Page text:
The first example was scArches, a package that helps integrate new single-cell data into reference atlases, exemplifying transfer learning. The tool facilitates collaboration across many groups and teams and enables integration of datasets from different projects. The scArches model makes it easy to build single or multi-modal reference atlases and share the trained machine learning (ML) models and the datasets. Users can download a pre-trained reference model and continue to learn representations of new datasets, or map query datasets onto the reference atlas with the pretrained model (Figure 1).  For example, scArches was used to map COVID-19 diseased cells onto a healthy reference atlas, enabling discovery of disease-specific cell states.  

The second vignette introduced Explainable Programmable Mapper (expiMap), which uses the aforementioned trick of adding constraints to the model to improve learning efficiency.  Instead of the traditional autoencoder, the model incorporates gene programs in the latent space and constrains the model to utilize only some of the gene programs.  Surprisingly, the incorporation of this constraint did not diminish the predictive power of the model, while providing an interpretable explanation for which gene programs are running in various cell states.  For future research, Fabian believes that this deep learning technique will enable better modeling of perturbational data among other applications. 

Fig 1. scArches Machine learning model architecture 

The second talk was presented by Samantha Morris, an Associate Professor of Developmental Biology and Genetics at Washington University in St. Louis [talk found here].  Her lab is focused on the question of how to morph one cell identity into another, which requires her to understand how cell identity is defined.  Because Gene Regulatory Networks are the master regulators of cell identity, they are important for her to understand in attempting to reprogram cells.  Samantha and her team developed a platform called CellOracle which dissects cell identity via gene regulatory network inference and in silico perturbation.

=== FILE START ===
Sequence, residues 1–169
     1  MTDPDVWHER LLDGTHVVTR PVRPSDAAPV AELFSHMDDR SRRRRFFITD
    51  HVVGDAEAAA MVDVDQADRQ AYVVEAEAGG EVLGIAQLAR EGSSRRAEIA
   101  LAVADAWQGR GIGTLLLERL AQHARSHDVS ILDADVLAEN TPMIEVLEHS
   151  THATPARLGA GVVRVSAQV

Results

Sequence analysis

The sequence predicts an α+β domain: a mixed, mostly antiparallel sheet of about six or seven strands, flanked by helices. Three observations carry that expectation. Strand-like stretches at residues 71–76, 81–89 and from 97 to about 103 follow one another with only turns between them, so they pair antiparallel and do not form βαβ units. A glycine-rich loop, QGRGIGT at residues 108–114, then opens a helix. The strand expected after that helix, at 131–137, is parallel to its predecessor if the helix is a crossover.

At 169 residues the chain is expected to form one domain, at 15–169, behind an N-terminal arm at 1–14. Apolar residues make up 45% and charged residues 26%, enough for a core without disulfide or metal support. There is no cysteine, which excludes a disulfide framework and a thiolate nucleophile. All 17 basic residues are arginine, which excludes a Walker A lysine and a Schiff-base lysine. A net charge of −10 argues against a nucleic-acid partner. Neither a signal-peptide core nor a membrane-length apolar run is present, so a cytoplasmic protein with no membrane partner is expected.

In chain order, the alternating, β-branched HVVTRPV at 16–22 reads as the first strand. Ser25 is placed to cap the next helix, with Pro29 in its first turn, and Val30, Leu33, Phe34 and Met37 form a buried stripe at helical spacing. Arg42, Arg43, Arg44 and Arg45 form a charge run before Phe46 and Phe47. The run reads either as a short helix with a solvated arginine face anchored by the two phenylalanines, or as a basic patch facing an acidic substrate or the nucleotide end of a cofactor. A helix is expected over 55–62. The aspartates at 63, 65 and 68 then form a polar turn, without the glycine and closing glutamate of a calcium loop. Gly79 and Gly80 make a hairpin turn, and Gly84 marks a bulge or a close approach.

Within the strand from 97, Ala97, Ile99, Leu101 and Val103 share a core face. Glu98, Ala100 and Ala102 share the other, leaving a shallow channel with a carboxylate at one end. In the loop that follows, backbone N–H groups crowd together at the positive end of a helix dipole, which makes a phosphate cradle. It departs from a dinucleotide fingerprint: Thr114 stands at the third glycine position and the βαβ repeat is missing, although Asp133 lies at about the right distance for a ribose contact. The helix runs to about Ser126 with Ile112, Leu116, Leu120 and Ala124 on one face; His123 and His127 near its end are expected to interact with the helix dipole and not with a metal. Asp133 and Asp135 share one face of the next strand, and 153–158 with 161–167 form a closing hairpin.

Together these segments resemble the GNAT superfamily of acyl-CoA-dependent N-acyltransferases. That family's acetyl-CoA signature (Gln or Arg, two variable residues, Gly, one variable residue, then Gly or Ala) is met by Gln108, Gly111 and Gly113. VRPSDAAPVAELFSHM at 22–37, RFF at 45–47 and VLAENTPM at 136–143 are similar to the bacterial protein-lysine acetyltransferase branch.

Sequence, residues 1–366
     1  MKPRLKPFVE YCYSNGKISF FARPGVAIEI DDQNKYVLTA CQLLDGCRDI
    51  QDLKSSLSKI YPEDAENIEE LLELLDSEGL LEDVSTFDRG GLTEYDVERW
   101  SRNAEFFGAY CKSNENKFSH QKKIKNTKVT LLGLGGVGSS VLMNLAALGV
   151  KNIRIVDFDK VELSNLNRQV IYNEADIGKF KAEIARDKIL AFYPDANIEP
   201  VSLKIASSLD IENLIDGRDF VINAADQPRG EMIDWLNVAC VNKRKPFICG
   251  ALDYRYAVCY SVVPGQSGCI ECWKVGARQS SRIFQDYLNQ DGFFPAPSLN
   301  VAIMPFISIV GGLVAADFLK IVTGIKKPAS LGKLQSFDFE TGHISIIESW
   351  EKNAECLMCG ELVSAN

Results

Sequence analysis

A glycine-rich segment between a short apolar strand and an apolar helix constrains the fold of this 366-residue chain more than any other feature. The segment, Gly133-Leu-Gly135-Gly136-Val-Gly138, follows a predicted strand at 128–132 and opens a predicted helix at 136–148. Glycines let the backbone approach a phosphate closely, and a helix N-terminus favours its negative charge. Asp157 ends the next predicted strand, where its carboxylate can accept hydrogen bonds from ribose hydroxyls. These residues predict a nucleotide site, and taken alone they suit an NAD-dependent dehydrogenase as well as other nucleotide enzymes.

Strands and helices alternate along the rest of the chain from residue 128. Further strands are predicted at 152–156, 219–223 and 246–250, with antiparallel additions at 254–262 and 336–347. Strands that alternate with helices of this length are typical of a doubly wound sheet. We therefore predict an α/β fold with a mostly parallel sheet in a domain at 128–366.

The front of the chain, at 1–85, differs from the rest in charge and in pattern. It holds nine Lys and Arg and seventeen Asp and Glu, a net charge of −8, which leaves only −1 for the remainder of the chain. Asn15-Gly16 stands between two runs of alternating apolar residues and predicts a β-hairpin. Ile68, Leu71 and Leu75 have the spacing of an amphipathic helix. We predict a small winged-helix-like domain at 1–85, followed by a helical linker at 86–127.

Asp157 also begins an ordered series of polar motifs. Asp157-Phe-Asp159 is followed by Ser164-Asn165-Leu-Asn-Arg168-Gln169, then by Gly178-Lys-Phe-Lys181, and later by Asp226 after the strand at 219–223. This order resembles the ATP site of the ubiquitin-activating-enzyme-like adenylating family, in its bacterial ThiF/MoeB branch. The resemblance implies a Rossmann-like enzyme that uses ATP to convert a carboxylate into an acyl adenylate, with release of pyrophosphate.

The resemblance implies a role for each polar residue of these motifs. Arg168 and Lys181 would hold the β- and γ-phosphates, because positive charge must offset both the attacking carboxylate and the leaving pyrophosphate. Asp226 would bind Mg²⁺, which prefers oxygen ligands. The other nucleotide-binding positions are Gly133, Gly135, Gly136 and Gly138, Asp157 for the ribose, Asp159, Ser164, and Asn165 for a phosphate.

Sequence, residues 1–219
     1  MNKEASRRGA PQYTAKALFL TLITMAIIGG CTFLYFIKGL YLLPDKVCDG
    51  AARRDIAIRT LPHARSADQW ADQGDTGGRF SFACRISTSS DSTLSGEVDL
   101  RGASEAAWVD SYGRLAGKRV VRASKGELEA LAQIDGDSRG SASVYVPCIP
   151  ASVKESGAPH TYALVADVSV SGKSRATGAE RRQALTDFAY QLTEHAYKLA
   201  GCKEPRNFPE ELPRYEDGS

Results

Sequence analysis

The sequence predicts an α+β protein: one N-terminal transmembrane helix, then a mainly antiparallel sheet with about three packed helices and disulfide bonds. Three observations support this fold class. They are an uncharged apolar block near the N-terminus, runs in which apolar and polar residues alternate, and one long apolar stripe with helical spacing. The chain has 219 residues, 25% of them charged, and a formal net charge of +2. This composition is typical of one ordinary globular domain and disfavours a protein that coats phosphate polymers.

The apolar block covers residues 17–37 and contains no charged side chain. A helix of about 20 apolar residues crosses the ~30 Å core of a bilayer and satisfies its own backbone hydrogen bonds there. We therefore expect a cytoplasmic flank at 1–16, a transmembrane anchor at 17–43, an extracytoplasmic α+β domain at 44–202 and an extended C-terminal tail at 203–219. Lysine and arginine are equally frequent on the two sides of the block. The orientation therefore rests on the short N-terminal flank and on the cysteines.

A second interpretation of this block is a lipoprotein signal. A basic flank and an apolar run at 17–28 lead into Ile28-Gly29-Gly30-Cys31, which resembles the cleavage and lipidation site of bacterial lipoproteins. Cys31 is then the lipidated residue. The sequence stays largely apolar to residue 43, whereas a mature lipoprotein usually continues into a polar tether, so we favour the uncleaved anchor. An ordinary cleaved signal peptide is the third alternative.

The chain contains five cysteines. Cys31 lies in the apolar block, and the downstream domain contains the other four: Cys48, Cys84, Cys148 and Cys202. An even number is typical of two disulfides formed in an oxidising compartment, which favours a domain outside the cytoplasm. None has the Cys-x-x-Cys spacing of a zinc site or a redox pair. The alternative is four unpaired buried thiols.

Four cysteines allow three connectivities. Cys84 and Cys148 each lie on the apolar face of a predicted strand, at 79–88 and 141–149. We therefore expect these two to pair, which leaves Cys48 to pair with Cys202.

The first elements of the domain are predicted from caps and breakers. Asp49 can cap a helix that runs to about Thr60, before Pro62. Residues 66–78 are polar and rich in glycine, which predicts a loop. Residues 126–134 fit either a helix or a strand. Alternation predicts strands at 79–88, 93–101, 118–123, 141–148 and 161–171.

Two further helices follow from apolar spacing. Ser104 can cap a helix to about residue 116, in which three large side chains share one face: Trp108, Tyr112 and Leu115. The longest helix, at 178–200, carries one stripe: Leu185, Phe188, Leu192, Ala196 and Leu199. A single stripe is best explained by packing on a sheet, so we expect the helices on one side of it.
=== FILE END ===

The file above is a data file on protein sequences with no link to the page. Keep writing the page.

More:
CellOracle is a machine learning based tool that combines single-cell transcriptomic (scRNA-seq) and epigenomic (scATAC-seq) data to infer GRNs. It can investigate how GRNs change during cell reprogramming, differentiation, and development, as well as understand how transcription factors regulate cell identity.  CellOracle begins by leveraging single-cell ATAC-seq data to create a Base Gene regulatory network, then uses a regularized machine learning model to refine this GRN by training on scRNA-seq data.  Upon completion of the refined GRN, CellOracle can use the network to simulate transcription factor (TF) perturbations.  

Fig 2. Building a ‘base Gene Regulatory Network’ as a core part of CellOracle

Samantha and her team wanted to test CellOracle in their research. One experiment they undertook was a single-cell reconstruction of developmental trajectories during zebrafish embryogenesis. They conducted knockout  simulations for all TFs that had inferred connections to at least one other gene across zebrafish development. That experiment allowed them to discover new phenotypes and new regulators of axial mesoderm development.

Other research groups are already starting to make use of CellOracle in their own work. For example, Vittoria Bocchi, from the University of Milan and her collaborators are applying CellOracle to ongoing work on building a fetal striatum single-cell atlas to predict the role of Znf467 in medium spiny neuron maturation.